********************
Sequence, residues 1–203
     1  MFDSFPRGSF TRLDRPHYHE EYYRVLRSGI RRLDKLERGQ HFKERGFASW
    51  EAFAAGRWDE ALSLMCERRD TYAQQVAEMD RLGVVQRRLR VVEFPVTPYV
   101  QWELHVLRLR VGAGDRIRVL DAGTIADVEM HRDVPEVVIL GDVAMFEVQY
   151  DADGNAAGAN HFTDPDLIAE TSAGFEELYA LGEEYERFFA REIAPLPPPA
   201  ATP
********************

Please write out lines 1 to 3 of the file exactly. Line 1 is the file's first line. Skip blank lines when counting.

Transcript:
Sequence, residues 1–203
     1  MFDSFPRGSF TRLDRPHYHE EYYRVLRSGI RRLDKLERGQ HFKERGFASW
    51  EAFAAGRWDE ALSLMCERRD TYAQQVAEMD RLGVVQRRLR VVEFPVTPYV